Australian Creative.

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Welcome to Guardian Australia

Added on by Tom Cramond.

UK Newspaper The Guardian has just launched an Australian focused digital edition, available right now:

When the Manchester Guardian launched on 5 May 1821, it had 1,000 readers, was published weekly and ran to just four pages. Today the Guardian has more than 40 million readers worldwide, most of them outside Britain, and is the third most-read English-language newspaper website in the world. Already more than a million of those readers are in Australia. 
Guardian Australia is digital. This gives us enormous freedom to deliver, discover and discuss stories in new ways. And because we are open, with no paywall, we are able to put the reader at the heart of what we do; we are open to suggestion, correction, clarification, engagement and debate.

A long time favourite of mine, and a well respected force of journalism - I can't wait to see how this turns out! 


The Curse of Australia's silent pervasive racism

Added on by Tom Cramond.

 Waleed Aly writing in The Age on Australia's very real problem of silent racism:

Our real problem is the subterranean racism that goes largely unremarked upon and that we seem unable even to detect. Like the racism revealed by an Australian National University study, which found you're significantly less likely to get a job interview if you have a non-European name. The researchers sent fake CVs in response to job advertisements, changing only the name of the applicant. It turns out that if you're surname is Chinese, you have to apply for 68 per cent more jobs to get the same number of interviews as a Anglo-Australian. If you're Middle Eastern, it's 64 per cent. If you're indigenous, 35 per cent.

The case against 'Gay Panic' in Queensland

Added on by Tom Cramond.

Now, I’ve always had my issues with the defence of provocation. I think it was the first time we studied a case back in second year Law where a defendant had received a more lenient sentence for the brutal murder of his wife because he had found out that she was having an affair. And then, whoops! Shovel to the head. I was insane with jealousy, your honour! I could not help it! You know what? Yes, you could. If your hypothalamus is so underdeveloped that you are capable of flying into a murderous rage because your wife strayed – probably because you were such a goddamn dismal lover – then you probably do not have any place in civilised society.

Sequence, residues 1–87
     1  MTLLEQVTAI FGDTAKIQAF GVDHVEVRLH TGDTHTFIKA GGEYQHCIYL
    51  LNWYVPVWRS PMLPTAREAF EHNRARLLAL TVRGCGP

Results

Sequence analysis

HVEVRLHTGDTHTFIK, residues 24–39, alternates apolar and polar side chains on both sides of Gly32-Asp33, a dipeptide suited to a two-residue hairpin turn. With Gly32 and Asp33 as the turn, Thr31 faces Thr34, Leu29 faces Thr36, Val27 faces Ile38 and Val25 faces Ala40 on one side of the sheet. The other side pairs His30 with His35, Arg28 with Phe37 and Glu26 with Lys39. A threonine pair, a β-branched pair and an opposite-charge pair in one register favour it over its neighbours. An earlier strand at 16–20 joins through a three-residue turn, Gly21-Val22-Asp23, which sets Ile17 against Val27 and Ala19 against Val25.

For my money, Luke Ryan is the best young journalist in Australia.

Consumer driven philanthropy

Added on by Tom Cramond.

I posted a few weeks ago about Australian social entrepreneur Simon Griffiths’ new venture ‘Who Gives A Crap’ and his pledged to remain seated on a toilet seat until his required seed funding of $50,000 was raised through a crowd sourcing campaign. Well I’m very happy to report that 50 hours later, Simon was successful in raising the money meaning his new brand of toilet paper (with 50% of profits going to sanitation projects) will be launching later this year!

The video I’ve posted today however is from late 2011 and shows Simon explaining his concepts on a new wave of philanthropy, geared more towards individuals and market based solutions. Essentially, he argues consumers themselves can become philanthropists based on three key tenants:

1) You cannot sell low quality products
2) There cannot be an excessive price premium
3) Purchases cannot be motivated by guilt

Simon is currently putting these ideas into action and setting up a not-for-profit bar called Shebeen in Melbourne selling beer from developing nations with the profit being returned to the produces and their communities.

Cracking stuff!


Do you give a crap?

Added on by Tom Cramond.

Australian social entrepreneur Simon Griffith is attempting raise $50,000 to purchase the first bulk order of ‘Who Gives A Crap’ toilet paper - a world first product that will provide 50% of its profits to WaterAid, a charity providing clean water and sanitation across the developing world. In order to raise the money Simon is seating down on a toilet, and not getting up until the money has been raised!

You can read an interview with Simon on the Smith Journal, and donate to this fantastic project right here - I just purchased 24 rolls myself!